In 2012, the largest telescope telescope, TAL-350K, was developed at the plant. In its development, many wishes of amateur astronomers were taken into account, namely: accelerated thermostabilization of the main mirror, the dew-prevention system at the corrector, a 3-inch focuser with a drive and a remote control. However, the plant did not begin to manufacture prototypes, explaining this decision mainly to the high cost of optical blanks, the lack of control and adjustment equipment and, as it seemed to factory marketers, a small number of future consumers.
 Now other times have come, the plant moved mainly to the implementation of the state defense order and has no opportunity to pay sufficient attention to the development of new telescope models. However, telescopes continue to serve to strengthen the image of the enterprise, performing an important social mission. The plant is often a partner of various astronomical events held by the Great Novosibirsk Planetarium, among which are the All-Russian and International Olympiads in astronomy. Winners of such events deservedly receive awards and prizes - telescopes from the refinery.

Found the above on my old hard drive and thought it may be of interest? Not the greatest of translations, but hopefully okay.


Edited by Andy Howie, 19 July 2018 - 09:38 AM.

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#41 Andy Howie

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Posted 19 July 2018 - 09:37 AM

This thread has got me going on this scope again! We have a public night at the zoo this weekend... our mobile observatory with a 12" SCT is set for EAA... we have a number of other SCTS and refractors and dobs set up for visual and a couple more EAA... I think I'll just bring this instead of my 12" dob... 

 

It'll be quite the talking point... show what a small scope can do... and super portable...

 

Thoughts?

Yours may get the longest queue for a look through the smallest scope, which would make me lol.gif

 

Probably not, but take a tally how many times "what the heck is THAT?" is voiced.


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#42 Chuck Hards

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Posted 19 July 2018 - 08:15 PM

How tall is that pedestal, about a meter?



#43 figurate

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Posted 20 July 2018 - 01:14 AM

Lovely little scopes. And what better theme music for that little Tal than the early space age sound of jazz guitarist Tal Farlow?

 

https://www.youtube....h?v=PjDwLpfE_us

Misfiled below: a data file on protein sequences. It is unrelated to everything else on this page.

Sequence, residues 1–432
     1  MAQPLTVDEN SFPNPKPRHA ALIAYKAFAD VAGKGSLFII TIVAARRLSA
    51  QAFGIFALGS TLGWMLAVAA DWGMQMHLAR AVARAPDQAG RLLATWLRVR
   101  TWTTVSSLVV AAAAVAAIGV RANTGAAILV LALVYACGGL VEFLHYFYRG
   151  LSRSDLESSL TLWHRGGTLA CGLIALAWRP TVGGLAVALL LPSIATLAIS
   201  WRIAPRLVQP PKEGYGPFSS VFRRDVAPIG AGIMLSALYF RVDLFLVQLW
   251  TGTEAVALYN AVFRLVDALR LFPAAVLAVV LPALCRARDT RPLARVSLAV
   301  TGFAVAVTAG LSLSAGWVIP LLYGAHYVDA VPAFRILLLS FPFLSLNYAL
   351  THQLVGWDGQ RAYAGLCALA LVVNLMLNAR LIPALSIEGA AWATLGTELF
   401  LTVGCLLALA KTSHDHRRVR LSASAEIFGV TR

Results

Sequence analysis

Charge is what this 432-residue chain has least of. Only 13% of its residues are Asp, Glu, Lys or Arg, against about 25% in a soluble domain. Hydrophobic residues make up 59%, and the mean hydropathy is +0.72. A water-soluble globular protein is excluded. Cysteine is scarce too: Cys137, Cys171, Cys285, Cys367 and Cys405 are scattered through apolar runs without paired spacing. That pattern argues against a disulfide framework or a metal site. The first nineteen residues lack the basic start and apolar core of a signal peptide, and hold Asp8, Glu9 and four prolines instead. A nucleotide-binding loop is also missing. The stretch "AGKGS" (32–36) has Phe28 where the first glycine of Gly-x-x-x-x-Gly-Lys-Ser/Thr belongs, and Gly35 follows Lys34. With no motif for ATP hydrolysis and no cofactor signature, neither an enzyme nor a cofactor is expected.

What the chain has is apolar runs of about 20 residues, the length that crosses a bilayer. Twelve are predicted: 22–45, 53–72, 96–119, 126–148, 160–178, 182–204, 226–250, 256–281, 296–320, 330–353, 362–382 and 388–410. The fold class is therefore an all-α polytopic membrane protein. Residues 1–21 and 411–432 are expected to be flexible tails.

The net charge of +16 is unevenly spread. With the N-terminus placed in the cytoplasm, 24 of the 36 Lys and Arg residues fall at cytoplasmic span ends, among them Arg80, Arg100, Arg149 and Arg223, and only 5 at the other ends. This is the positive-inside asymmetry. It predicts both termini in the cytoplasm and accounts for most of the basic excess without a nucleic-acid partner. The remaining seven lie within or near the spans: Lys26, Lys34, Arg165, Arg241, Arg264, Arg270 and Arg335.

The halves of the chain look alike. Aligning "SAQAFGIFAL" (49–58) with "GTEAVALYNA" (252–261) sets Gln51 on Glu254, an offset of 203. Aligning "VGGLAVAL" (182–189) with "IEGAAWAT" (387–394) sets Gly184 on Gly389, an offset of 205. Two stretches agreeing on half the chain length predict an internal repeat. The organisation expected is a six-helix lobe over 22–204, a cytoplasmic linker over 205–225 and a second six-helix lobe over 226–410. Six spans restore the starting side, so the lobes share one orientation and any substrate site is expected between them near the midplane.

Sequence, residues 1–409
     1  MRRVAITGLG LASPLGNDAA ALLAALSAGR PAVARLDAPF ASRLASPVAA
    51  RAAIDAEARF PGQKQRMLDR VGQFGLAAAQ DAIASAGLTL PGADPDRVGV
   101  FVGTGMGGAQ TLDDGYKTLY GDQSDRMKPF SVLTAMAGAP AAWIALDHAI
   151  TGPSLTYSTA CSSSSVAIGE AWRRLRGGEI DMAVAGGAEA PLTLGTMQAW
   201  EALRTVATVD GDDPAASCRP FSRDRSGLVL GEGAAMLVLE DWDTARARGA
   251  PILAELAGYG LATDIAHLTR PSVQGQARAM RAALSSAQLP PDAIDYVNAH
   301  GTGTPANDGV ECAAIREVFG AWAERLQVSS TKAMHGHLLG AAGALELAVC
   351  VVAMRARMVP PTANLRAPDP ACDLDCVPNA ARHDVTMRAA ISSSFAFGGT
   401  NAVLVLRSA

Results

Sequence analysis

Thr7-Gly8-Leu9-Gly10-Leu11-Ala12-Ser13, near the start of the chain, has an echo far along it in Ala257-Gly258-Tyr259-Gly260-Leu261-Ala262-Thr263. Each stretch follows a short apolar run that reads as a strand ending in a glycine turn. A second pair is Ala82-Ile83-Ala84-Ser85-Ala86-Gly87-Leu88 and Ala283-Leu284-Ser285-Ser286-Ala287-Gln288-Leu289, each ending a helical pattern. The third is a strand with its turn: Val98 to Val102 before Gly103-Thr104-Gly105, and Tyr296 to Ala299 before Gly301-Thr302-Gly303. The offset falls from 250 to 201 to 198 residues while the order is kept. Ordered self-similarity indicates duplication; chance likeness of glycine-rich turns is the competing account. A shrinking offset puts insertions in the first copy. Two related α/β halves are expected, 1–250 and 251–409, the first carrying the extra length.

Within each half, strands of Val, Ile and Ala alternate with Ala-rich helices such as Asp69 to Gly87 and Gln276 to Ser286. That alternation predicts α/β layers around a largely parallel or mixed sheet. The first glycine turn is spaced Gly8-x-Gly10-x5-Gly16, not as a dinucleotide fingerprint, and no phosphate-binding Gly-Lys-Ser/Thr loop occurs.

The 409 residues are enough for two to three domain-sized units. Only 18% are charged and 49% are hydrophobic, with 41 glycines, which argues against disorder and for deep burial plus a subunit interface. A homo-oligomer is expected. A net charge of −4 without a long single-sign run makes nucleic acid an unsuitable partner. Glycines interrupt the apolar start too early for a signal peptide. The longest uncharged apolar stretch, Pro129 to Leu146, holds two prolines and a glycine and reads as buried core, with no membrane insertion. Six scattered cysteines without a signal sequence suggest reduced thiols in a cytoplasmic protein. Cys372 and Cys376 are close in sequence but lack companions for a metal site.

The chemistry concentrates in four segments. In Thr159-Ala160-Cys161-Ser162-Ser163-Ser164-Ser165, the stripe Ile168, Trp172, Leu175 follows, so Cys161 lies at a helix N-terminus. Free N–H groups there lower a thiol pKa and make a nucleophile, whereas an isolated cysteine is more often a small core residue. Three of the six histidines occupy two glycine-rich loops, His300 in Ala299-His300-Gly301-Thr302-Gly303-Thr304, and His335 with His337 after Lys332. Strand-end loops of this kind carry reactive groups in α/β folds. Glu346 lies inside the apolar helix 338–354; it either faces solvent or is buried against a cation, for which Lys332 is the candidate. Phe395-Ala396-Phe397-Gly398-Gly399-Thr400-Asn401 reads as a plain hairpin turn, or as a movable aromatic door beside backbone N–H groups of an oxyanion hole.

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#44 Andy Howie

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Posted 20 July 2018 - 02:02 AM

How tall is that pedestal, about a meter?

 

A few millimetres shy of 1 meter measured from floor to the top of the alt/az section.

 

991mm on mine to be exact wink.gif


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#45 bremms

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Posted 20 July 2018 - 07:18 AM

Saturn and Jupiter look very good up to 88x. Didn't use any more magnification,but star test was very good. Images were similar to my best 60mm refractors, but with ZERO color. Nice little scope.


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#46 grendel

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Posted 20 July 2018 - 07:31 AM

I have found some binocular eyepieces are a perfect for for the tal, but dont ask me which brand as i just buy old broken binoculars at boot fairs and strip them to their components. or make them into erect finders.


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#47 Chuck Hards

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Posted 20 July 2018 - 07:48 AM

I'm a sucker for small scopes, and even though I've seen larger TAL reflectors before with just a passing interest, this one is cute as the dickens.  I noticed in the eBay listing that there are pics of both grey and white examples.  Marc got a grey one,  I can't recall if Steve mentioned the color he got.  


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#48 Jeff Struve

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Posted 20 July 2018 - 07:50 AM

I'd be interested in buying a 1979 model as well as a 1998 or 1999 model if any of you have one to part with...

 

Have to be complete and in great shape...

 

:)



#49 Chuck Hards

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Posted 20 July 2018 - 07:58 AM

There is no TAL in my house...  but I may get one, one of these days, based on what I've seen in this thread.


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#50 Chuck Hards

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Posted 20 July 2018 - 08:07 AM

Are the slow-motions fairly smooth?